Catalytic performance and reusability of composite solid superacid SZWA

The comparative experiment of SWZA catalyst and the concentrated sulfuric acid catalyst was carried out to study the catalytic performance of SWZA catalyst for the n-butyl acetate esterification reaction at the same experimental condition. The results showed that the esterification yield of SWZA catalyst was 98.9 %, and that of the sulfuric acid catalyst was 98 %. It can be found that the catalytic performance of SWZA catalyst is better than that of the sulfuric acid catalyst, and the SWAZ catalyst is easier to separate from the reaction product.

The n-butyl acetate esterification yield in consecutive five experiments with recycled SWZA catalyst was described in Fig. 6. It was found that the esterification yield in Fig. 6 was 98.9 %, 91.3 %, 82.1%, 73.6 % and 65.4 % for five consecutive runs. In the successive runs, its activity dropped at every reuse of the catalyst. In order to investigate the reusability of the catalyst, the content of sulfate groups in the reaction product mixture was detected by high temperature calcination-coulomb titration method for every recycle tests. According to the results, a small quantity of the sulfate was detected in the product mixture; these indicate that the leaching of the sulfate is the important reason for the catalyst deactivation.

Table-6: The effect of impregnation concentration on esterification yield.


Impregnation concentration (molL-1)###0.5 M H2SO4###1.0 M H2SO4###1.5 M H2SO4###0.5 M (NH4)2SO4###1.0 M (NH4)2SO4###1.5 M (NH4)2SO4

###esterification yield (%)###92.6###93.9###93.1###97.4###98.9###90.3

Table-7: The acidity characterization of different SZWA samples.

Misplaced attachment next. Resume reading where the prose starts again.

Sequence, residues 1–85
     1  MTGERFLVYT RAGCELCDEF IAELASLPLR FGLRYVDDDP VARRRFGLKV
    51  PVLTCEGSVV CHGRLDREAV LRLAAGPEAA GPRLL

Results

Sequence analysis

The results show that the optimal conditions for preparation of composite solid superacid SZWA are as follows: the mass ratio of WO3/ZrO2 is 1 : 1, aging temperature is -10AoC, the mass ratio of Al2O3/ZrO2 is 3.5: 1, impregnation concentration is 1.0 M (NH4)2SO4 and the calcination temperature is 550AoC. The characterization results indicate that, the lower aging temperature is the most important for forming crystal centers on catalyst surface, and getting smaller regular crystal particles; therefore, the bigger specific surface can be available. Suitable calcination temperature can improve the conversion of crystal types, which include tetragonal phase and monoclinic phase. It shows a strong orientation action for formation of useful crystal type by adding W, which also delay the crystallization of ZrO2, stable tetragonal phase, and depress the loss of SO4.

It is beneficial to increase the Lewis acid sites on catalyst surface by adding Al2O3, and the catalytic activity can be improved strongly. When the molar ratio of acetic acid to n-butanol is 1 : 2, reaction time is 3 h, the n-butyl acetate esterification yield is 98.9 % by using 0.4 g catalyst. The stability of the modified SWZA catalyst is better than that of traditional SO4/ZrO2 solid superacid catalyst.


This work was supported by the National Natural Science Foundation of China (No. 21576049), the Fundamental Research Funds for the Central Universities (No. 2242016K40082).


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Author:Huang, Kai; Lu, Keqiang
Publication:Journal of the Chemical Society of Pakistan
Article Type:Technical report
Date:Jun 30, 2018